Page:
WASHINGTON -- It's been almost 50 years since the historic civil rights marches in Selma, Alabama, and Congress is ready to celebrate the people who made it possible.
Lawmakers have overwhelmingly passed a bill to award the Congressional Gold Medal to the thousands who marched on Bloody Sunday, Turnaround Tuesday and the final stretch of the 54 miles from Selma to Montgomery -- the movement that served as the catalyst for passage of the landmark 1965 Voting Rights Act.
The bill sailed through the Senate on Thursday with so much support it didn't even get a vote. It passed the House 420-0 earlier this month. The only thing left is for President Barack Obama to sign it into law.
"This bill, I believe, is a fitting honor that recognizes the courage and determination of the civil rights marchers at Selma 50 years ago," Sen. Jeff Sessions (R-Ala.) declared on the Senate floor. "It was a very historic day, and it marked an alteration in the history of America. It changed an unacceptable abuse of American rights: the right to vote."
But the disconnect between the masses of lawmakers honoring the marchers and those trying to restore the Voting Rights Act is stunning. The Supreme Court struck down Section 4 of the law in 2013. That section determined which states and localities that had a history of minority voter suppression had to get permission from the Justice Department to change their voting laws. In a 5-4 ruling, the court left it up to Congress to update that section with a new formula for designating which regions of the country need special scrutiny.
Nothing has happened since, because Republicans won't support legislation to fix the law. A House bill introduced in the last Congress had just a handful of GOP co-sponsors. The Senate version had none.
The prospects for action in this Congress look even worse. Reps. Jim Sensenbrenner (R-Wis.) and John Conyers (D-Mich.) reintroduced the House bill, with fewer GOP co-sponsors than before. Sen. Patrick Leahy (D-Vt.) is expected to reintroduce the Senate bill soon, but he doesn't have a single Republican co-sponsor.
In the meantime, states that previously required pre-clearance from the federal government -- Mississippi and Texas, to name two -- have been able to pass laws that make voting more difficult for people who are poor, disabled or a minority, through such means as requiring a government-issued photo ID in order to vote.
With the approach of March 7, the 50th anniversary of the start of the Selma marches, it's worth noting amid the ceremonies which lawmakers are -- and aren't -- actually doing something to try to strengthen voting rights.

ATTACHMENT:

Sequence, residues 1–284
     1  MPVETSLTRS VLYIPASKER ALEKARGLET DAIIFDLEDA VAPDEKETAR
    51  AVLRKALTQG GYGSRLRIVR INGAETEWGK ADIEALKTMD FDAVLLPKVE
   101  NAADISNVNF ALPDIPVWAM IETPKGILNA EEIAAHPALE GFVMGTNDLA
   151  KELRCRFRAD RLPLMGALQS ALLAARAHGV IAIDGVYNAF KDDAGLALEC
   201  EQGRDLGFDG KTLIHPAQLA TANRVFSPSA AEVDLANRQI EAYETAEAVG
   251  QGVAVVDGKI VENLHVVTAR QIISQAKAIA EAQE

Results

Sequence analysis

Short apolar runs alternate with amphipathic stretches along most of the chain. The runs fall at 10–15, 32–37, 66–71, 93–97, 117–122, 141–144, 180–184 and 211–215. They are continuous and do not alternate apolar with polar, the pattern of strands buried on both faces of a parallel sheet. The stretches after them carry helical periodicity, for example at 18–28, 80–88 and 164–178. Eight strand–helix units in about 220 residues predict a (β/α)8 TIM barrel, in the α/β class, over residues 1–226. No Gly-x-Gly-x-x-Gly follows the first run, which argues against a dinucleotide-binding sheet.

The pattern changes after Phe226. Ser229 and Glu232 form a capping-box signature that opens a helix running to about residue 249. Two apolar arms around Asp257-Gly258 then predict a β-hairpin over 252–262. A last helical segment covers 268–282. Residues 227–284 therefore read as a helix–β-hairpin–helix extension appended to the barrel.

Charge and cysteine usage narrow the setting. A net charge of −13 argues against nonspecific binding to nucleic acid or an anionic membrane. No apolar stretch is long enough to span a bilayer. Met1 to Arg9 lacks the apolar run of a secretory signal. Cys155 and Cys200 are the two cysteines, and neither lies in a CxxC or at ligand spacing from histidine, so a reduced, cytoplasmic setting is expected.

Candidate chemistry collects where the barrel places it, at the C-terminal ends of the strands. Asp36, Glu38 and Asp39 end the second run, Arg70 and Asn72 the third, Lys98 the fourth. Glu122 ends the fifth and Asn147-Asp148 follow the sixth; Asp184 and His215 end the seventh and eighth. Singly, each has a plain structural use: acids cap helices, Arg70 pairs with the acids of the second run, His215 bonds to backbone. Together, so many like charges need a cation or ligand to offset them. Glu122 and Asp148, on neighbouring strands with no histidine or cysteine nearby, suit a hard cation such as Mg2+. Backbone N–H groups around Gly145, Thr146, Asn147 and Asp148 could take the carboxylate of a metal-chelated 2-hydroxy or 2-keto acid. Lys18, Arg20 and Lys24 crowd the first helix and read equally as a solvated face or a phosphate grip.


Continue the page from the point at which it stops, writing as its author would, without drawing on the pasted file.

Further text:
Below is a handy list of the lawmakers who have signed onto this year's House bill and last year's Senate bill to restore the Voting Rights Act. Lawmakers don't have to co-sponsor the bill in order to support it, but The Huffington Post hasn't found any additional GOP supporters of these bills.
Neither of Alabama's senators, Republicans Jeff Sessions and Richard Shelby, responded when asked if they plan to sign onto Leahy's bill.
House bill -- The Voting Rights Amendment Act of 2015
Rep. Jim Sensenbrenner (R-Wis.)
Rep. John Conyers (D-Mich.)
Rep. John Lewis (D-Ga.)
Rep. Steny Hoyer (D-Md.)
Rep. James Clyburn (D-S.C.)
Rep. Jerrold Nadler (D-N.Y.)
Rep. Zoe Lofgren (D-Calif.)
Rep. Sheila Jackson Lee (D-Texas)
Rep. Steve Cohen (D-Tenn.)
Rep. Hank Johnson (D-Ga.)
Rep. Pedro Pierluisi (Del-P.R.)
Rep. Judy Chu (D-Calif.)
Rep. Karen Bass (D-Calif.)
Rep. Cedric Richmond (D-La.)
Rep. Hakeem Jeffries (D-N.Y.)
Rep. David Cicilline (D-R.I.)
Rep. Scott Peters (D-Calif.)
Rep. Bobby Scott (D-Va.)
Rep. Charles Dent (R-Pa.)
Rep. Michael Fitzpatrick (R-Pa.)
Rep. Christopher Gibson (R-N.Y.)
Rep. Ann Kuster (D-N.H.)
Rep. Matt Cartwright (D-Pa.)
Rep. Luke Messer (R-Ind.)
Rep. Frank LoBiondo (R-N.J.)
Rep. Gregory Meeks (D-N.Y.)
Rep. Lois Frankel (D-Fla.)
Rep. Fred Upton (R-Mich.)
Rep. John Garamendi (D-Calif.)
Rep. Louise Slaughter (D-N.Y.)
Rep. Kyrsten Sinema (D-Ariz.)
Senate bill -- The Voting Rights Amendment Act of 2014
Sen. Patrick Leahy (D-Vt.)
Sen. Dick Durbin (D-Ill.)
Sen. Chris Coons (D-Del.)
Sen. Dianne Feinstein (D-Calif.)
Sen. Chuck Schumer (D-N.Y.)
Sen. Sheldon Whitehouse (D-R.I.)
Sen. Amy Klobuchar (D-Minn.)
Sen. Al Franken (D-Minn.)
Sen. Richard Blumenthal (D-Conn.)
Sen. Mazie Hirono (D-Hawaii)
Sen. Carl Levin (D-Mich.)
Sen. Sherrod Brown (D-Ohio)
Sen. Bob Casey (D-Pa.)